Efforts to improve forest management will only be successful if forest crime and corruption can be reduced, the report stressed. "Illegal and corrupt activities threaten the world's forests in many countries, particularly but not exclusively in forest rich developing countries."
In some cases, and as a consequence of trade liberalization and globalization, illegal logging and trade appear to be growing, the report said.
Illegal forest practices include - the approval of illegal contracts with private enterprises by public servants, harvesting of protected trees by commercial corporations, smuggling of forest products across borders, and processing forest raw materials without a license.
High timber values, low salaries of government officials, broad discretionary powers of local forestry officers, poor objective information, a large number of poorly designed regulations and the improbability of harsh punishment create a favorable environment for forest crime and corruption, the FAO warns.
"However, recent years have witnessed some encouraging developments. Non-governmental organizations and private sector institutions have launched effectively campaigns against illegal activities and corruption and have triggered action to combat them.
Some governments have the political will for reducing illegal activities and corruption in the forest sector. These countries have made headway in overcoming the resistance of entrenched and powerful vested interests, the FAO notes. The keys for combating illegal activities are improved monitoring systems, simpler laws and their strict enforcement.
The 1990s were marked by periods of severe drought, setting the stage for devastating wildfires to occur in practically every corner of the world, the FAO reports. Millions of hectares burn annually in dry West Africa, large areas of Africa south of the Equator, central Asia, southern South America and Australia. For example, during the 2000 fire season an estimated 200 million hectares south of the equator in Africa burned.
Policy makers are beginning to realize that continued emphasis only on emergency response will not prevent large and damaging fires in the future. Emergency preparedness and response programmes must be coupled with better land use policies and practices. Working towards forestry practices with community involvement is an important strategy to better conserve natural resources while reducing the impacts of wildfires.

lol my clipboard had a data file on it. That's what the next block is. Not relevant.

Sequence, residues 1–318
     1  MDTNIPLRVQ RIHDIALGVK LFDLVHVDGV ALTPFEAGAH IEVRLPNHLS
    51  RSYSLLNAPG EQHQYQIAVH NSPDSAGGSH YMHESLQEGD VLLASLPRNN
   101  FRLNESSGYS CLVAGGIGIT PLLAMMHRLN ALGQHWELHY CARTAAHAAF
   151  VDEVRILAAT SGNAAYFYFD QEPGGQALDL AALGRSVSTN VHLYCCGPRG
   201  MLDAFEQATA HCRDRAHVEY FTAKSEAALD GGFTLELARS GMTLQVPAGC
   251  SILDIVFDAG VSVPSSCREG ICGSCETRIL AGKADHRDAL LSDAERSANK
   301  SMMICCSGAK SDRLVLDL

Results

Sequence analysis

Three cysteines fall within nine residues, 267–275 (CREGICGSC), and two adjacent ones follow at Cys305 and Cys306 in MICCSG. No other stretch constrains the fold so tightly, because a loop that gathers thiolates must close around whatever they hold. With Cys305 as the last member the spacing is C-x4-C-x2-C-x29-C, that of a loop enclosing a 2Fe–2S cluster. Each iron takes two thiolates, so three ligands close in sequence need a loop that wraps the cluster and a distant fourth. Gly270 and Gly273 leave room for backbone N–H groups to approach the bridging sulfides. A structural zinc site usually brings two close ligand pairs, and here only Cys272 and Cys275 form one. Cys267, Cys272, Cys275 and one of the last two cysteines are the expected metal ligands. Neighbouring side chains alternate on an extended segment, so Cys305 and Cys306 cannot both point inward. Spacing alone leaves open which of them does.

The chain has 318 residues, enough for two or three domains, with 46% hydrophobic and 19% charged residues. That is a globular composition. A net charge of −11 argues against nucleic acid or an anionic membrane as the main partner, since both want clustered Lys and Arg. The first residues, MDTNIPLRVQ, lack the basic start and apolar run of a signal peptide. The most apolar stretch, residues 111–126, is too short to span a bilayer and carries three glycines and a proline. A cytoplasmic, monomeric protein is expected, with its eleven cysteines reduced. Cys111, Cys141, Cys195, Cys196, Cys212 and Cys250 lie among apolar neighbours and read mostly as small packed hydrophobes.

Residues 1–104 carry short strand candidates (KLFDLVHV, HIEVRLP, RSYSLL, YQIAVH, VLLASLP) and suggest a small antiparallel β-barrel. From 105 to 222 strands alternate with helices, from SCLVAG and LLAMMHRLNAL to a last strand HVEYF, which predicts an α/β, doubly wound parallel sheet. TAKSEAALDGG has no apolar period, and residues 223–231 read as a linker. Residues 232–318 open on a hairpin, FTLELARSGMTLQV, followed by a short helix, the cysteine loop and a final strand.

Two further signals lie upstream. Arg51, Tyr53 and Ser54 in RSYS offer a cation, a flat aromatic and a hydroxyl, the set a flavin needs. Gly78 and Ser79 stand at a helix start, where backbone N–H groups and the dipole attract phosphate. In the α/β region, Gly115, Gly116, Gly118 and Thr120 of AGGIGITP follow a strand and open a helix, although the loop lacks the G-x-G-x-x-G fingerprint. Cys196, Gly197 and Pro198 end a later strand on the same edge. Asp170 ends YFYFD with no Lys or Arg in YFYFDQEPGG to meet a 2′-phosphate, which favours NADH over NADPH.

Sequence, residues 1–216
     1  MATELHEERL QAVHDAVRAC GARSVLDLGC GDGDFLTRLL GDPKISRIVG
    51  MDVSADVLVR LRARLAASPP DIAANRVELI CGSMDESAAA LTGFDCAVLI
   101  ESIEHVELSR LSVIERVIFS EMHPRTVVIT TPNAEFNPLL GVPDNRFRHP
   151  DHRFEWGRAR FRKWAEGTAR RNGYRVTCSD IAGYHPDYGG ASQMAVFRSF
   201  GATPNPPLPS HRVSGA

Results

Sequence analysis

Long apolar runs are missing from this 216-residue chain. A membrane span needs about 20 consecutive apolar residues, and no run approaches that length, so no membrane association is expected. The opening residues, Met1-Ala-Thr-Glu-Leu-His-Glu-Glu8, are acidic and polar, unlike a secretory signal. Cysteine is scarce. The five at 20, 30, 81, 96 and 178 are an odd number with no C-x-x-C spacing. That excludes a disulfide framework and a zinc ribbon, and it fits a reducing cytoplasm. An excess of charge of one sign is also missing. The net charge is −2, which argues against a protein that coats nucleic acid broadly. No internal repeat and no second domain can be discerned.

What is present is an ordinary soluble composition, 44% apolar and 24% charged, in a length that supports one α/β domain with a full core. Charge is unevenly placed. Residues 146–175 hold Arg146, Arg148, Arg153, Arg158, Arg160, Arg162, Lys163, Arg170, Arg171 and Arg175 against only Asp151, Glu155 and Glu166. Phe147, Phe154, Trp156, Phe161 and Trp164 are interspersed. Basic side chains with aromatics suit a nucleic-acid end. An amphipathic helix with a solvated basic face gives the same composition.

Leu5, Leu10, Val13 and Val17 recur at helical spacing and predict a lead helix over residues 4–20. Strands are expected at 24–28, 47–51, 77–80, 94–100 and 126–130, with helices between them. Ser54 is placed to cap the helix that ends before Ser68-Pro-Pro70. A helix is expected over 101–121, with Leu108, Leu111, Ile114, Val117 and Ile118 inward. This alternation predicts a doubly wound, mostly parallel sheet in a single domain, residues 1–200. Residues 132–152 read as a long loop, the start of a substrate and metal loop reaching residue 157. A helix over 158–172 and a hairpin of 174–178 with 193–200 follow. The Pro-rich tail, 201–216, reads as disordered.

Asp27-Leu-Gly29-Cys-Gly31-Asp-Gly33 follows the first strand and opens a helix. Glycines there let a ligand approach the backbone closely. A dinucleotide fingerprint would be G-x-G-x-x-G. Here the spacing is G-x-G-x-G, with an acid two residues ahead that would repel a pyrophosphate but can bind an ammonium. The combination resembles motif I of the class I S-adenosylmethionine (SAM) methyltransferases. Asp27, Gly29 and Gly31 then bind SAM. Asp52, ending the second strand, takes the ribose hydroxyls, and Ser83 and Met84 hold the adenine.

Commenting on forest based wildlife in developing countries, the FAO report noted that "unsustainable hunting, especially commercial hunting, is the major cause of what is known as the empty forest syndrome - the elimination of most of the animal life by hunting." Meat from wild animals, known as bushmeat, has long been a staple of rural people in many parts of the world but, with urbanization, the demand for bushmeat is increasingly being met by commercial hunters and traders.
A bushmeat crisis has evolved in equatorial Africa, the FAO report confirms. The forests of tropical Africa are rich in primate species, which are particularly vulnerable to overexploitation because they breed slowly and often have small populations.
"About 15 primate species are believed to be threatened by the bushmeat trade. The number of chimpanzees in Africa is believed to have declined by 85 percent during the 20th century," the FAO says. "Other species threatened by the bushmeat trade include the forest elephant, the water chevrotain, six duiker species, the leopard and the golden cat."
The State of the World's Forests 2001 report is available online at: http://www.fao.org/forestry/FO/SOFO/sofo-e.stm
Copyright 2001 Environment News Service (ENS)